Faber reflects on 10 years as Adrian's mayor
ADRIAN -- Mayor John Faber said he wouldn't know what to do if he's written in during Adrian's next election because he said he has no intention of running.
"My head says 'don't be stupid' but my heart says these people still want you so keep going," Faber said with smile on his face. "I don't know."
He said he wasn't going to run last time.
"And I just decided at the last minute, 'Well, maybe I should.' I had some people talk to me to run against the guy I ran against."
He said the people who talked to him appealed to him greatly, so he decided to run.
"I'm glad I'm doing it again," Faber said.
Faber has been professionally involved with local politics in Adrian since the mid- 1990s, when he ran for Adrian's city council and won two terms.
"I ran in 1994 and again in 1998," Faber said
It was in 2000 when Faber ran for mayor, and he has served in that capacity ever since.
"The gentleman who was the mayor resigned and I moved into his spot," Faber said.
As to why he decided to run for office, Faber had a few thoughts.
"I thought I had something to offer, I think I'm fairly knowledgeable," Faber said. "I'm willing to make decisions and willing to admit when I make mistakes. I guess I just wanted to give something back to the city of Adrian."
Originally from Melrose, he received his higher education at St. John's University, where he got his bachelor's degree in secondary education in 1972.
Faber was in the last group of people to be drafted in Minnesota during the war in Vietnam.
"They weren't pulling anyone out then, but they weren't sending anyone in," Faber said.
He was stationed in Washington, D.C., a place he said he would love to visit again.
"A lot has changed since I was there. I'd like to see the monuments for the World War II veterans and to see the Vietnam Memorial, too," Faber said.
Faber served for two years and was honorably discharged in 1974. He then attended St. Cloud State University, earning his coaching certificate.
Faber and his wife Peg have lived in Adrian for nearly 30 years. They raised their two children there.
"I love it here," Faber said of Minnesota. "My kids got a good education here, I got a good education here and my wife did, too."
The last decade had been a time of growth for the city, and it has been one of Faber's goals to get more businesses in the area.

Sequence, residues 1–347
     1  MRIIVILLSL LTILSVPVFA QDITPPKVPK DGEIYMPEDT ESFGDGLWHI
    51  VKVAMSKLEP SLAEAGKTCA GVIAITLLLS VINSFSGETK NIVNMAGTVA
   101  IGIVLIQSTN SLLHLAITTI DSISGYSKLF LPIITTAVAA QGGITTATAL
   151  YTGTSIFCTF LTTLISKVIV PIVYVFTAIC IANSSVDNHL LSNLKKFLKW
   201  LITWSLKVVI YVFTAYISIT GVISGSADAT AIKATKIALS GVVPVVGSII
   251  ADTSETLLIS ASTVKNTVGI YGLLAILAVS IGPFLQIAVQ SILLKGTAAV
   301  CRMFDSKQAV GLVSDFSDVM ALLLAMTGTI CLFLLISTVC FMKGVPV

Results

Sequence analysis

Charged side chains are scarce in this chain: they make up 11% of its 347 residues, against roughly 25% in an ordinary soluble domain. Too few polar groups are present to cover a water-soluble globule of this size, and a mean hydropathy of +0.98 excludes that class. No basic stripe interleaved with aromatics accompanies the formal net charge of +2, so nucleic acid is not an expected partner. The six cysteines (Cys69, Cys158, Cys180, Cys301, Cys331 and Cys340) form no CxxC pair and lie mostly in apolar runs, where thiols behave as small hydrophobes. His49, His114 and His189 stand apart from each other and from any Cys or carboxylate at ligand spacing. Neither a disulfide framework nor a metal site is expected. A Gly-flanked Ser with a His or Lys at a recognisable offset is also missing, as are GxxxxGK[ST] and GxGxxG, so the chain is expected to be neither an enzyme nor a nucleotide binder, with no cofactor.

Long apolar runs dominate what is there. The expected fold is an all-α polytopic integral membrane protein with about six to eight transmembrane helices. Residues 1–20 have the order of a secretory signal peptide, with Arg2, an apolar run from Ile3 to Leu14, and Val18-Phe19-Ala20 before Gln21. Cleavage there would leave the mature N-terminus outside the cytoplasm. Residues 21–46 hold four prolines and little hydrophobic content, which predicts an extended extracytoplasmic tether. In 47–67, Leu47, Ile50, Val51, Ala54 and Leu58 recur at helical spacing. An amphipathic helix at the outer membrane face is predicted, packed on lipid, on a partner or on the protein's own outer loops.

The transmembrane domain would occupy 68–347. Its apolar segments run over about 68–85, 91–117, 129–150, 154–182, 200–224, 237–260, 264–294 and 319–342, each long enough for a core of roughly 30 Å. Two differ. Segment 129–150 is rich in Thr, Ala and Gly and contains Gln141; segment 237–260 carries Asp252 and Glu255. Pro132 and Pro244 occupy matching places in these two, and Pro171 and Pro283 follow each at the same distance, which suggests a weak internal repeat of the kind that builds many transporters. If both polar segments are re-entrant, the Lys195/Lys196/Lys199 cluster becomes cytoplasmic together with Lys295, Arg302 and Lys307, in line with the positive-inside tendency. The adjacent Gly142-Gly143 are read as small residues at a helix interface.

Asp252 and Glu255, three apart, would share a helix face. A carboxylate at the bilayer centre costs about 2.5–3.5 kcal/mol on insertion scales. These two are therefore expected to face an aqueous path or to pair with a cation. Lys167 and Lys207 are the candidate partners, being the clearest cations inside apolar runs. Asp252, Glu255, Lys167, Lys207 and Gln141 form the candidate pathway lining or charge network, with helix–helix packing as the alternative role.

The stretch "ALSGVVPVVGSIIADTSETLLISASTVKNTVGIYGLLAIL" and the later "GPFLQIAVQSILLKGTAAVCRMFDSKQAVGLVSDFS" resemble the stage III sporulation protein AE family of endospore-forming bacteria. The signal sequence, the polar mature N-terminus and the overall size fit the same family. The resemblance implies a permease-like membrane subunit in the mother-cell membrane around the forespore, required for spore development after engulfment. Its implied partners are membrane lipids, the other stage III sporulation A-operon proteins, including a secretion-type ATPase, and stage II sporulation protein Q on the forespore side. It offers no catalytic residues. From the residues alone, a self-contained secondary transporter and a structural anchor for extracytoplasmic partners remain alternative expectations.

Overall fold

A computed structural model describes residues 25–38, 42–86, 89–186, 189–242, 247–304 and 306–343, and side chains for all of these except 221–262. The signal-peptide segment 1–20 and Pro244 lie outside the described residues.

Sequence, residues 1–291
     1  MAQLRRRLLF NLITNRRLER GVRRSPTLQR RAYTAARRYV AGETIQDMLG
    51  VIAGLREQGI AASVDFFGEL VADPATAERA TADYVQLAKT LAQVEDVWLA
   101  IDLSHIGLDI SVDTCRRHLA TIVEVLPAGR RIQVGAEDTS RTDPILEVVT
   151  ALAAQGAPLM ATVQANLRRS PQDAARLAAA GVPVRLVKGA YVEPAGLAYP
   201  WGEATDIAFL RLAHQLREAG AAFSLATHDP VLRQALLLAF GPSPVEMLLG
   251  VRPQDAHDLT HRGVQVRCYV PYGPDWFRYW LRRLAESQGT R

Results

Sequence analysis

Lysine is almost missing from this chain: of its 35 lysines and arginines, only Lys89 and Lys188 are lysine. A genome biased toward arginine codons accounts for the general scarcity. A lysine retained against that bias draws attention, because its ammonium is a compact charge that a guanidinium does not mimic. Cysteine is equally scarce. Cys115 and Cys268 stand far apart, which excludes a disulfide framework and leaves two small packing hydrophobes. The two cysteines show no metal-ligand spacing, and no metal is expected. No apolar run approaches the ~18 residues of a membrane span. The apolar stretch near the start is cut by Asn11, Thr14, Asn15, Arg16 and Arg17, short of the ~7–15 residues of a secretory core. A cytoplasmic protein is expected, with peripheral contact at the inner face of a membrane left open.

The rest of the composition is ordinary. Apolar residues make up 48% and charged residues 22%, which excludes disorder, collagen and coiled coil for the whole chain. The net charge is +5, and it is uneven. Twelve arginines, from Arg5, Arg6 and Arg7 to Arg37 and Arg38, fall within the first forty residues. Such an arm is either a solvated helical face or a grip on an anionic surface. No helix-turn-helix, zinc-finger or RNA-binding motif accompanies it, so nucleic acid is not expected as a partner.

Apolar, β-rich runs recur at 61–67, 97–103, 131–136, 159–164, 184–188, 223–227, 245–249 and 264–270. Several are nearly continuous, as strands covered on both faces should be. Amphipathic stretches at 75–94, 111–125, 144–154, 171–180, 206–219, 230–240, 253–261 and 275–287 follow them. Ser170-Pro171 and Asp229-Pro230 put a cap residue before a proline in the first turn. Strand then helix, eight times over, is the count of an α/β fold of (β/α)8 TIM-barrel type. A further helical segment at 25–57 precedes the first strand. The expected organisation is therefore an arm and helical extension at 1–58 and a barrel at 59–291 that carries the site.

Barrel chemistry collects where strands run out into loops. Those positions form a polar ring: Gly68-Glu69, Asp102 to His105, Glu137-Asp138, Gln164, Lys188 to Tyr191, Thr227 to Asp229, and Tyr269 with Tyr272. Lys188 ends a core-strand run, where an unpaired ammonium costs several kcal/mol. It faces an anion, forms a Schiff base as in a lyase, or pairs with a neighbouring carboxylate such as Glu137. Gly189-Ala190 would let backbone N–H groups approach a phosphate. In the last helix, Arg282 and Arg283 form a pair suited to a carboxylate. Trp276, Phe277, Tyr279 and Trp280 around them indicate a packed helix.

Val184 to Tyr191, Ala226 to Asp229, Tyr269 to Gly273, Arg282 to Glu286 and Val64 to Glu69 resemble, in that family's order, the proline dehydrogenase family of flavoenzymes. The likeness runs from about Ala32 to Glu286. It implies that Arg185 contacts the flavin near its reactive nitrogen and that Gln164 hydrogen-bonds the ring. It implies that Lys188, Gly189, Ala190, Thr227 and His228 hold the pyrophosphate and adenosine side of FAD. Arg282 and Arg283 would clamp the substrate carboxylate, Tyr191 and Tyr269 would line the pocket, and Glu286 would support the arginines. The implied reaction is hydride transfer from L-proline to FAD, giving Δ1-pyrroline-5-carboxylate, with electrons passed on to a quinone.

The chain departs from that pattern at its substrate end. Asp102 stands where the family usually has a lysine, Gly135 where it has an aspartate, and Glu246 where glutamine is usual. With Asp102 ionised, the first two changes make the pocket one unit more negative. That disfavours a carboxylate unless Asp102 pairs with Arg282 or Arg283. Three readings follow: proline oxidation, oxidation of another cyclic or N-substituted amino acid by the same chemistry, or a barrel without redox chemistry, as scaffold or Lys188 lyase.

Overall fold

"It's not easy. We are competing with Luverne and Worthington and other towns for businesses' attention," Faber said. "Everybody's trying to get that business in to get the tax base solidified."
He also said that cuts in Local Government Aid (LGA) have not helped, either.
"With those cuts, we have to come up with that money by other means, which usually means raising property taxes," Faber said. "And since we are a bedroom community, most people working out of town, that's really hard to do."
Faber said he likes to keep his money as much as everyone else, but added that he thinks a no-tax pledge or a nonew-tax pledge won't work.
"It's got to be a combination of cuts and tax increases, in my opinion," Faber said. "I believe state legislatures should have to serve on city councils and school boards before they are elected to state office."
Faber added this is a technique for people to learn how to get things done within a group of five people.
"To me, there is too much 'politics' in politics," Faber said.
Faber said he's proud of the accomplishments he has helped produce in his decade as mayor.
"We expanded the fire hall, built a new city hall, got a telepharmacy for the city," Faber said. "We also got new businesses here, like the Kum and Go and Subway and the Crystal."
Faber also noted the addition of housing on Tennessee Avenue and construction efforts on Main Street as well.
"We also resurfaced the streets in town, which will be good for another 20 to 25 years," Faber added.
Outside of his civic duties, Faber is a sales manager at Sailor Plastics, where he has worked for 30 years.
"I spent half my time on the council as mayor and the other half with everything else," Faber said.
Faber belongs to the Knights of Columbus and the American Legion, and in the past had devoted time to other community groups --though he said he doesn't anymore.
"I think I've done enough," Faber said, followed by a laugh. "I think I've earned a break."